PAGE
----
City officials have received pledges for 5,000 books — from children’s stories to self-help manuals for adults
EL PASO, Texas (Border Report) – Santiago Gonzalez knows life can be tedious when you spend several days in a shared dormitory, wondering if you’ll go back home 2,000 miles away or keep trying to cross the border into the United States.
That’s why the caretaker of the Kiki Romero migrant shelter in Juarez, Mexico, is building a library where adult guests can occupy their time constructively and their children practice reading and learn about the world beyond their confines.
Already he’s received pledges for nearly 5,000 books – from children’s stories to self-help manuals.
“In the past we have provided health services and educational opportunities for those in a situation of mobility in our city. Now, we’re procuring furniture – such as bookcases – for this project and hope to have our library in place by March,” said Gonzalez, head of the Juarez Human Rights Office and shelter supervisor.
Gonzalez is working with Mexico’s library system to select and classify the books that will be available for migrants from Central and South America as well as some from the interior of the country who are fleeing drug violence in their communities.
“It won’t be just a pile of books. We will select the most appropriate literature for this population,” he said.
The library at the converted gym that houses 100 people is part of Juarez’s continued efforts to provide for migrants. Those efforts have continued and will improve despite recent changes of the guard at city and state government there, officials told Border Report.
“We’re dealing with a complex issue because of the changing dynamics of migration,” said Oscar Ibanez, head of Chihuahua state government services in Juarez. “Whatever the United States does (with migrants) affects us on this side of the border. It’s not just (foreign citizens), we also have repatriated Mexican citizens.”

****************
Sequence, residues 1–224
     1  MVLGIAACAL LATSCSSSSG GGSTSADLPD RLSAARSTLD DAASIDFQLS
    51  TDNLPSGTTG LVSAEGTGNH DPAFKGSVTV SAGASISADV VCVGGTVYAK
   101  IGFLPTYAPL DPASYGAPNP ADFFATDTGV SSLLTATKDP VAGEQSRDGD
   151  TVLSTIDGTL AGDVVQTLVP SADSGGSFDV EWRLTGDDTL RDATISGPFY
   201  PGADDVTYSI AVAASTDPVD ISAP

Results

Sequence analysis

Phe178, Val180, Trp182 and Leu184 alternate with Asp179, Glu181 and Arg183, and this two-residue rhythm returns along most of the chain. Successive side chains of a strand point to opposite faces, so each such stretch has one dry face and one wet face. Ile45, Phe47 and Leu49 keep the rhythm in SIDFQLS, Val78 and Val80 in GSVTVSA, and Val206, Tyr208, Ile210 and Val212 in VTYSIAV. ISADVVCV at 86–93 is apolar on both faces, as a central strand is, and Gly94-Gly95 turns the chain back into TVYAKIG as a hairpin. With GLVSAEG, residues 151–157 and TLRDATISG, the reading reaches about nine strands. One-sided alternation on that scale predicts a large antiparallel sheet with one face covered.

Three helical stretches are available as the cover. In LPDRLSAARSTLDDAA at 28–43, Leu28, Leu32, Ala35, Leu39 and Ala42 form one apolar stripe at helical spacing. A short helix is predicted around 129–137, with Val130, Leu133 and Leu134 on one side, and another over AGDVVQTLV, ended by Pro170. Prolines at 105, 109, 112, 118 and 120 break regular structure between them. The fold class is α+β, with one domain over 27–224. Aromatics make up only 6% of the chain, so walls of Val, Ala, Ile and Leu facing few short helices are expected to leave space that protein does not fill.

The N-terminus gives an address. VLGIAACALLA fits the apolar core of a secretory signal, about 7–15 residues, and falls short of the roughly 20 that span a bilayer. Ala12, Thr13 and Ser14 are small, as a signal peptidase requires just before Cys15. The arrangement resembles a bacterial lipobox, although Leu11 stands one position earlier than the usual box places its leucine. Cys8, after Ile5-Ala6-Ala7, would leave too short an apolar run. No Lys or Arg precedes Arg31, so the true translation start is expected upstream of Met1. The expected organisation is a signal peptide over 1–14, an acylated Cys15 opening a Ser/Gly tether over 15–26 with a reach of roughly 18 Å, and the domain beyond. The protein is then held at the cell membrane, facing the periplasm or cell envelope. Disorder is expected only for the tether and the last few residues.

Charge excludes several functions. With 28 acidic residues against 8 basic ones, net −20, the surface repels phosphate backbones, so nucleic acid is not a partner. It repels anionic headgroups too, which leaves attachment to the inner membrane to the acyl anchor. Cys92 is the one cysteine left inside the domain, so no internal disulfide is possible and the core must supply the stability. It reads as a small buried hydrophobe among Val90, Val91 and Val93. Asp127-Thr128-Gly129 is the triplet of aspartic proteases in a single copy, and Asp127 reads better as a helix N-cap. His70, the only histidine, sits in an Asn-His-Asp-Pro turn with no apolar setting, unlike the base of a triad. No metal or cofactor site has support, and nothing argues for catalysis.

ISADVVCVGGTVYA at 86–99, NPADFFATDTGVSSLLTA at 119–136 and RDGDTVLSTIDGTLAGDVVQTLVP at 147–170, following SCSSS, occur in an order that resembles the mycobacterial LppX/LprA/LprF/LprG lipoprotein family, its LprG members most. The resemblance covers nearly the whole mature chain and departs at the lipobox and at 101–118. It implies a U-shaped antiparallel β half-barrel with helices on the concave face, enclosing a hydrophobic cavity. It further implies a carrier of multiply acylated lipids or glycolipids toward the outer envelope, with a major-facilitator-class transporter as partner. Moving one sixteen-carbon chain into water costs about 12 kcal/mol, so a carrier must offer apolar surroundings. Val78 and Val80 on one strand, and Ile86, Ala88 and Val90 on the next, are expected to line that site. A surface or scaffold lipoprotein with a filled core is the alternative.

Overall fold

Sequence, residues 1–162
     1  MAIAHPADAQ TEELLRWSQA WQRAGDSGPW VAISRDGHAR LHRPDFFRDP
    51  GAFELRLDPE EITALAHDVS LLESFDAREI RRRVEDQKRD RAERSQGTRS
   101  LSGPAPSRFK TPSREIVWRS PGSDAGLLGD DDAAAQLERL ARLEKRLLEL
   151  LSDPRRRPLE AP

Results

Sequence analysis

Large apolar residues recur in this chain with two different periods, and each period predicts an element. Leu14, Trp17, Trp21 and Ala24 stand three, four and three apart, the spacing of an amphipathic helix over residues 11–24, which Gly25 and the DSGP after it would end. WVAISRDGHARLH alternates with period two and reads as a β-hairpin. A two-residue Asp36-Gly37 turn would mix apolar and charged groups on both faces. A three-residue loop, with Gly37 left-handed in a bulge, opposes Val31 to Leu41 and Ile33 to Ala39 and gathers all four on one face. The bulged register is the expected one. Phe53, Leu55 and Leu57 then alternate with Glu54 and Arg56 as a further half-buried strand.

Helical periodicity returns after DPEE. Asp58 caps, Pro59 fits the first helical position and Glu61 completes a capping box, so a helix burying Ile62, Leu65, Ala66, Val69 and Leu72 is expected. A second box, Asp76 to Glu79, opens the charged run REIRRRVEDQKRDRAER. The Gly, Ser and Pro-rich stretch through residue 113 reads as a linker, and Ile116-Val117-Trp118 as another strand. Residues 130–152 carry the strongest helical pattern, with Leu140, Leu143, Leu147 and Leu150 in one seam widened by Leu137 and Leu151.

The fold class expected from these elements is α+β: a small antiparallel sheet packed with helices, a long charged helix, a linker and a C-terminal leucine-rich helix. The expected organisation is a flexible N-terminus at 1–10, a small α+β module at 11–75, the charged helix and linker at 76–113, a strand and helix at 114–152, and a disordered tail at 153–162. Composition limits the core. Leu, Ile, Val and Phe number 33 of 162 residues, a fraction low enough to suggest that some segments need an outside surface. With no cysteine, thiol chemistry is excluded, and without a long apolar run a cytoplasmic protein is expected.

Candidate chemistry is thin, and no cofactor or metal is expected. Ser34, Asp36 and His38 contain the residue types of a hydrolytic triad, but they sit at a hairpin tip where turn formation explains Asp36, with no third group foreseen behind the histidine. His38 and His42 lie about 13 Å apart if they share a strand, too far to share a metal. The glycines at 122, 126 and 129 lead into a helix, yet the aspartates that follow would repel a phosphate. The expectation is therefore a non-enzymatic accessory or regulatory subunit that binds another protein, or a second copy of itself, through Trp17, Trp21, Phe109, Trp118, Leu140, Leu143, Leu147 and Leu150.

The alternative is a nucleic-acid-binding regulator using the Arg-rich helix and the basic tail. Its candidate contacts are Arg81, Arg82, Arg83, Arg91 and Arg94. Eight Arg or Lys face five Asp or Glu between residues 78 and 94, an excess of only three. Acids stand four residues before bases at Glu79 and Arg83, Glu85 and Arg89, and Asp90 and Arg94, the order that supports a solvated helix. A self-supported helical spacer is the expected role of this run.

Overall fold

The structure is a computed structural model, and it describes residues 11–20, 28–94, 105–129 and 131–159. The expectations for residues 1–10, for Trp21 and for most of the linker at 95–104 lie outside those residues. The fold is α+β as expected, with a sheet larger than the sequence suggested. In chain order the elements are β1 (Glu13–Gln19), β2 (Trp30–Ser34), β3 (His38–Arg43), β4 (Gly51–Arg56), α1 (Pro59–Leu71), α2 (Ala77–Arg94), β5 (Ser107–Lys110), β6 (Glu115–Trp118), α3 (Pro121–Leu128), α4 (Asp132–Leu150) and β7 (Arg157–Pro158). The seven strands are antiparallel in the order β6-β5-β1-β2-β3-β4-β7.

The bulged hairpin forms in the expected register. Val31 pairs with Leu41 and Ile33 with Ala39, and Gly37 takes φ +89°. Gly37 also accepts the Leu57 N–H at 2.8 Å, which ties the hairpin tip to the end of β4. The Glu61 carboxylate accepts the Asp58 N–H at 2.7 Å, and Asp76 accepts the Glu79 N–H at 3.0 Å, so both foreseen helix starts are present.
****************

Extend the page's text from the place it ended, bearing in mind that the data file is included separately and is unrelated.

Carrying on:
City and state governments have spent more than $1 million since 2018 in aid to mostly church-run migrant shelters. The grants covered anything from foodstuffs and prepared meals to help with utility payments during cold spells and when the region’s heat becomes unbearable for some.
Ibanez said the state also works with private employers to find work for displaced Mexicans and for international citizens who decide to stay on the Mexican side of the border for at least a few months.
“Juarez is a welcoming community, full of solidarity. Although some of us were born here, many came from elsewhere (in Mexico) and settled here. We know how to make room for others who come seeking a better life,” Ibanez said. Roughly half of Juarez’s 1.5 million residents were born elsewhere, according to the 2020 Mexican census.
In addition to the 100 migrants at Kiki Romero gym, two dozen private shelters as of Wednesday were hosting 2,700 people, said Enrique Valenzuela, head of the Chihuahua Population Council.
And while Mexican authorities have a good idea of how many foreign nationals arrive in the city and are expelled by U.S. Customs and Border Protection every day, they have no way to track the number of displaced Mexicans who come to the border. Those migrants can walk right past Mexican immigration officers at the international bridges and many newcomers usually have a relative or acquaintance where they can stay upon arrival to Juarez, officials said.